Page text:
Nav: Home

NASA gets infrared view of new Tropical Storm 20W

September 15, 2015

The twentieth tropical depression of the Northwestern Pacific Ocean formed early on September 14 and became a tropical storm the next day, triggering a tropical storm watch. NASA's Aqua satellite passed over the low pressure area as it was consolidating and saw powerful thunderstorms circling the center.

The Atmospheric Infrared Sounder or AIRS instrument that flies aboard NASA's Aqua satellite gathers data in infrared light that provides information about temperatures. The colder the cloud top temperature, the higher the storms are in the troposphere (because the higher you go in the troposphere, the colder it gets). When storms get very high, cloud top temperatures get as cold or colder than -63 Fahrenheit/-53 Celsius, which is what AIRS data showed around Tropical Depression 20W's (TD 20W) center on September 14 at 1611 UTC (2:11 p.m. EDT). Storms with cloud top temperatures that high have been shown to produce heavy rainfall.

By September 14 at 2100 UTC (7 p.m. EDT), TD 20W had formed about 373 nautical miles (429 miles/690 km) east-northeast of Saipan.

At 0900 UTC (5 a.m. EDT) on September 15, TD 20W was located about 418 nautical miles (481 miles/774 km) northeast of Andersen Air Force Base, Guam. That put its center near 18.0 North latitude and 150.6 East longitude. TD 20W had maximum sustained winds near 30 knots (35 mph/55 kph) and was moving to the west-northwest at 9 knots (10.3 mph/16.6 kph).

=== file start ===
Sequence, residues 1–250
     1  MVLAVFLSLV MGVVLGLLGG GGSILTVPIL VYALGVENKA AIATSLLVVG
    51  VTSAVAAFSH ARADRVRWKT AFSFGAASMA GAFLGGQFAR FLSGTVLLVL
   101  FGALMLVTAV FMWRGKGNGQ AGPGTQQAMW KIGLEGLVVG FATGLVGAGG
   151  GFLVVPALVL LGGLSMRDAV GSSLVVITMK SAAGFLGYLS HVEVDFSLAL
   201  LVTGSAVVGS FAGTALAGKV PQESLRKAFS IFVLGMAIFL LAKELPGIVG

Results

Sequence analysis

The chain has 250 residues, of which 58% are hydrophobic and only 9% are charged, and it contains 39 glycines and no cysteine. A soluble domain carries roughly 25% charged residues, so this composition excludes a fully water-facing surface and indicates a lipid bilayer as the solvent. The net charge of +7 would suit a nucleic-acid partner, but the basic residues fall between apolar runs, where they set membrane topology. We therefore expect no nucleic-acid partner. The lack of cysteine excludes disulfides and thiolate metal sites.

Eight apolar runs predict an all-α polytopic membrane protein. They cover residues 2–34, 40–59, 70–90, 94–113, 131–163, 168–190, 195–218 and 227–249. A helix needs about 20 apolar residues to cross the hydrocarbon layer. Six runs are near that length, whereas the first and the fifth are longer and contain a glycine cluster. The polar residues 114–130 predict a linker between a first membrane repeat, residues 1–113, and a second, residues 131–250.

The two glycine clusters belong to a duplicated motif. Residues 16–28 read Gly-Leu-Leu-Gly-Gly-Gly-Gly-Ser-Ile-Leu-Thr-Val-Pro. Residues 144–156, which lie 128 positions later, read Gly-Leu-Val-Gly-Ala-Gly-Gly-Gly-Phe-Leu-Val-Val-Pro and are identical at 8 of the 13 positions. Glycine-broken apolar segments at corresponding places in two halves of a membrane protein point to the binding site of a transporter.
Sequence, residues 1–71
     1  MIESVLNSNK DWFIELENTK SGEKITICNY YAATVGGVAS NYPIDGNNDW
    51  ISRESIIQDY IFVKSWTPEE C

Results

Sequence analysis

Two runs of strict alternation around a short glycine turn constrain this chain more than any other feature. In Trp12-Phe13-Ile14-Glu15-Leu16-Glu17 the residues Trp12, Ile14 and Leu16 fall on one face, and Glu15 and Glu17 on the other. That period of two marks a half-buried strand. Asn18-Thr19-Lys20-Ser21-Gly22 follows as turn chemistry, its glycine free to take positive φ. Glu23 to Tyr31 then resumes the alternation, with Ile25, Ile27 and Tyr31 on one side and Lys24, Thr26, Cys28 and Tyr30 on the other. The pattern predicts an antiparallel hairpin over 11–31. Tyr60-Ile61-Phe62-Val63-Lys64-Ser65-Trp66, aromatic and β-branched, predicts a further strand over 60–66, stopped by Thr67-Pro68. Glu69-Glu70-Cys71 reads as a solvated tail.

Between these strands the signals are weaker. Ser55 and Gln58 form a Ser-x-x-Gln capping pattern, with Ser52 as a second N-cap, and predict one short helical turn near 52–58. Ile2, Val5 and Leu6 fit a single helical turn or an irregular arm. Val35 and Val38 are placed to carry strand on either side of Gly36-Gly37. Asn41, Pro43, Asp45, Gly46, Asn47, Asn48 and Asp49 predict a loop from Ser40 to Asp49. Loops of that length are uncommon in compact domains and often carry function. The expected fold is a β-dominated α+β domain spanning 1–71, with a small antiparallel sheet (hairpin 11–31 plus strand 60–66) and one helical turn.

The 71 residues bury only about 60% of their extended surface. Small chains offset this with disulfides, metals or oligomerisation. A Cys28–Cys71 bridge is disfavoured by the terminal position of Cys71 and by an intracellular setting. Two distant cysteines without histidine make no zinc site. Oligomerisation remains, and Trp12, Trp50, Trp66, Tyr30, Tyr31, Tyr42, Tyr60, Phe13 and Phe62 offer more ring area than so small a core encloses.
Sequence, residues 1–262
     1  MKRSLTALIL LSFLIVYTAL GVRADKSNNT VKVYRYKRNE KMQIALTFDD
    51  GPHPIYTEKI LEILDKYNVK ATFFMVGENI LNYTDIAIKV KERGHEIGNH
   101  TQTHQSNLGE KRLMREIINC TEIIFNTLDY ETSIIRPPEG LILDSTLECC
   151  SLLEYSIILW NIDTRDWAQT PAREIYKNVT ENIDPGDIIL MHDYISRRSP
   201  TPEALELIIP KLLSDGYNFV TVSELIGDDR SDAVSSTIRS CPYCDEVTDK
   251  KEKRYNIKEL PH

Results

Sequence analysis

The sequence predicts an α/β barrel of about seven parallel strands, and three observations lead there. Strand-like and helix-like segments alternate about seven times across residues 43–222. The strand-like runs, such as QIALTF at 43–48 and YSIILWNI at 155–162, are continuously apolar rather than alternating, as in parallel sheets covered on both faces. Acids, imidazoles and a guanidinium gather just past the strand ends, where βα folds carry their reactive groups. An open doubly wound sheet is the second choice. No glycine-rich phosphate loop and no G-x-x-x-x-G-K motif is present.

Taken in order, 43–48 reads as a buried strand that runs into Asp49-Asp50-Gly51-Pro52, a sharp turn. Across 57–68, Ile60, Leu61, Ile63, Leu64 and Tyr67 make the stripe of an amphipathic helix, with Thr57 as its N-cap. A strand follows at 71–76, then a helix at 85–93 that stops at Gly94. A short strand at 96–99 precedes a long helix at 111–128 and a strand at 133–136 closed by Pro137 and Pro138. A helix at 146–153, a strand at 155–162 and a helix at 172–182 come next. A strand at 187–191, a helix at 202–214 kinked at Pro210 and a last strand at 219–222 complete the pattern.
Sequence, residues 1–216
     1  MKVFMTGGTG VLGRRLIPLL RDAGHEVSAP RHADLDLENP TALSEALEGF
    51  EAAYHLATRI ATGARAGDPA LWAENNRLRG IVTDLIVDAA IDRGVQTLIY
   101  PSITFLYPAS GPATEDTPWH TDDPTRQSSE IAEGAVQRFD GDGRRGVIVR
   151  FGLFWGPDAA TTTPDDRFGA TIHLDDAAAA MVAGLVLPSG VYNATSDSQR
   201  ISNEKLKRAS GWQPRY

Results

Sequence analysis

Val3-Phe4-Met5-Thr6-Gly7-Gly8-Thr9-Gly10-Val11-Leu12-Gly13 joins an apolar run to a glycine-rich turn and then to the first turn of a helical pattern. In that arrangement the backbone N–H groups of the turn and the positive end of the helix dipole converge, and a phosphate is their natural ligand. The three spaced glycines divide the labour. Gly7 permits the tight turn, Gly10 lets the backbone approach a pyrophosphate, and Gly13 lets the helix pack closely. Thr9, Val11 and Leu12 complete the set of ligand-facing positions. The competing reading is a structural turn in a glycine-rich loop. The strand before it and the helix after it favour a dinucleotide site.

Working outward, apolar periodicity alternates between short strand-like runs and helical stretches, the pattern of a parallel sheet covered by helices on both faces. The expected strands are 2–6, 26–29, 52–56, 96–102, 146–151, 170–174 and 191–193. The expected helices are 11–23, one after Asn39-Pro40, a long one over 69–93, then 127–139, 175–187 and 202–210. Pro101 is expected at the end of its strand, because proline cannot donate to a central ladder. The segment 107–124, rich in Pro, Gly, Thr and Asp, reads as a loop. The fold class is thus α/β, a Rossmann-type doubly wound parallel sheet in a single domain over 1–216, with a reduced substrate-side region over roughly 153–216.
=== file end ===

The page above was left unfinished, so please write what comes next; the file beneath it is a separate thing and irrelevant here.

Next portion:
At 1200 UTC (7 a.m. EDT) on September 15, the depression had strengthened into a tropical storm. Maximum sustained winds have increased to 40 mph.The center of Tropical Storm 20W was located by satellite near latitude 18.3 north and longitude 149.7 East. That put the center about 265 miles east of Agrihan, 255 miles east of Pagan and Alamagan and 470 miles northeast of Guam. A tropical storm watch was in effect for Alamagan, Pagan and Agrihan.

Tropical Storm 20W was moving west-northwest at 10 mph and is expected to continue in that general direction for the next day or two before turning north.

Is expected to continue intensifying during the next couple of days.